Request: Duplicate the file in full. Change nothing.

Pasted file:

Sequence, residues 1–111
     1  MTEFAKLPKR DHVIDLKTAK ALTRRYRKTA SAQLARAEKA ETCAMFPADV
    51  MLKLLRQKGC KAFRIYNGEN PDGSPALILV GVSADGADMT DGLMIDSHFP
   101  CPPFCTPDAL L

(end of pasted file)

Sequence, residues 1–111
     1  MTEFAKLPKR DHVIDLKTAK ALTRRYRKTA SAQLARAEKA ETCAMFPADV
    51  MLKLLRQKGC KAFRIYNGEN PDGSPALILV GVSADGADMT DGLMIDSHFP
   101  CPPFCTPDAL L